We met Marcos Donor and his son Mark Antony at the mill as they were doing just this. But here we found them exposed to another danger. Marcos mixes the milled mud with mercury — a poisonous metal causing organ and brain damage especially in children.
Marcos told me he didn’t think there was any danger from the mercury, so like tens of thousands of small-scale miners here they are exposing themselves and their children unknowingly to this extra danger.
Once the mercury is burnt off — creating dangerous fumes — they have a spec of gold about half the size of a one-cent piece. Today Marcos sold that to the mill owner and local broker for about $12. Not enough to properly look after his family for the week ahead.
The local broker tells me her price is set by bigger brokers further up the chain. But the price the miners get is about fifty per cent below the international gold price and they all told me if they got even some of that mark up they would not have to have their children work for them.
Speaking to the local Mayor Ricarte Padilla, we found that almost all the gold produced here is sold by the bigger brokers on the black market to avoid local taxes. Much of this seems to go to China from where it can be exported around the world.
The sad fact is thousands of children remain trapped in a cycle of poverty and danger. They are being denied a full education to boost the margins their fathers can make from gold mining to feed their children. But by being denied proper education they are being denied options that might get them out of gold mining in the future.
As consumers all we can do is ask more questions on the source of our gold, something the industry doesn’t scrutinise in any proper way.
Meantime the boys and fathers feel trapped.
“I am trying,” says Marcos breaking down in to tears.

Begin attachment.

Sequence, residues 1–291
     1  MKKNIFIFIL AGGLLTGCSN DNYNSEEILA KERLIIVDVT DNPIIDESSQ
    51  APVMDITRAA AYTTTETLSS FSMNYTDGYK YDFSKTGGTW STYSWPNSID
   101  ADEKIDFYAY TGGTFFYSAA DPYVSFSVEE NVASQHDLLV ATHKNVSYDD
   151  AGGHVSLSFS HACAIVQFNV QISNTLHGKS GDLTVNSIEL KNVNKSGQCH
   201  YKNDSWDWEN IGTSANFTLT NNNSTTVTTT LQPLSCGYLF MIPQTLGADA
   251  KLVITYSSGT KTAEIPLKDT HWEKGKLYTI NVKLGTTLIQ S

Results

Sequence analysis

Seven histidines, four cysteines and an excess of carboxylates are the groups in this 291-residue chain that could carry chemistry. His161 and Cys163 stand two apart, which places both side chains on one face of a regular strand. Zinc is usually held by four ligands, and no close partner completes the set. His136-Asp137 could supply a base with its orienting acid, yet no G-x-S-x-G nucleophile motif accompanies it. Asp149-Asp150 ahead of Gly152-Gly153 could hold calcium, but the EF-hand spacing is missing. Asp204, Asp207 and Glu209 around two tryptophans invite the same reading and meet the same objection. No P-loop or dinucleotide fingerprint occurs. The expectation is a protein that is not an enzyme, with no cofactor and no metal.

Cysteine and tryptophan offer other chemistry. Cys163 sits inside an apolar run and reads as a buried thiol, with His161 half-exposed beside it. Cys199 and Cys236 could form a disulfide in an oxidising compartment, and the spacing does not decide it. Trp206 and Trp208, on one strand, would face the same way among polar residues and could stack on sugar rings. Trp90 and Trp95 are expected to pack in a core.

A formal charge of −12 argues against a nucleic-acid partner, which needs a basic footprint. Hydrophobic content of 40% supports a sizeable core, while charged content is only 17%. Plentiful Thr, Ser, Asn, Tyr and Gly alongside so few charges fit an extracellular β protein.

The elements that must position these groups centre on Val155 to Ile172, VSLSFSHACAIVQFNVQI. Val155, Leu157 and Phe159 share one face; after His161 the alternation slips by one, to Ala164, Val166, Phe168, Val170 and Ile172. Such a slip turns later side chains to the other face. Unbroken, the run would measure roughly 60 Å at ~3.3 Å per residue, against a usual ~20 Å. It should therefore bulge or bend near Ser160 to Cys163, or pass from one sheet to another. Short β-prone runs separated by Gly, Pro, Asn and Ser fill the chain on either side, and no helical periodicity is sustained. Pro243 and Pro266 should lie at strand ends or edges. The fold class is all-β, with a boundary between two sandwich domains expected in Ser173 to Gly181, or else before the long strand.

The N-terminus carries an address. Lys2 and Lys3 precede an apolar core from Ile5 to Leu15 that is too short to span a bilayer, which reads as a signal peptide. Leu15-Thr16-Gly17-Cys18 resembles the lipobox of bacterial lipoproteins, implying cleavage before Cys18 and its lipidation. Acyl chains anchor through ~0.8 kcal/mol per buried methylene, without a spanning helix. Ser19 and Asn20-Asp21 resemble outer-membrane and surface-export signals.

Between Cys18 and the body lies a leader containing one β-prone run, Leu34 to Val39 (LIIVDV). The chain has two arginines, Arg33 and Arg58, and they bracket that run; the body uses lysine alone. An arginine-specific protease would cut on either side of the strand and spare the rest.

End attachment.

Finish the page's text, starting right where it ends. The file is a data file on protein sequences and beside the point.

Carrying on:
“I am doing this to lighten his load,’ says 12-year-old Mark Antony.
Watch Evan William’s story tonight (Tuesday) 9.30pm on Dateline, SBS ONE - http://www.sbs.com.au/news/dateline/story/children-dirty-gold
Small-scale miners now need to secure consent of communities
10 June 2015
BAGUIO CITY—Small-scale miners in the region wanting to renew their contracts or those applying for new contracts within declared Minahang Bayan sites now have to secure the free and prior informed consent (FPIC) of their host communities before being issued permits to operate small-scale mines in their areas.
Engineer Faye W. Apil, regional technical director of the Cordillera office of the Mines and Geosciences Bureau (MGB-CAR), said the revised implementing guidelines of Republic Act (RA) 7076 or the Small-Scale Mining Act now also requires small-scale mining operators to have their centralized processing plant complete with amenities and tailings storage facility to ensure lesser impact of their pocket mining operations.
This will also allow government regulators to constantly monitor their compliance to health, environment and safety standards.
Apil said that like large-scale mining operators, small-scale mining contractors are also mandated to have their own community development projects for their host communities to make sure that they bring back portions of their income for the development of their host and neighboring communities and the local residents.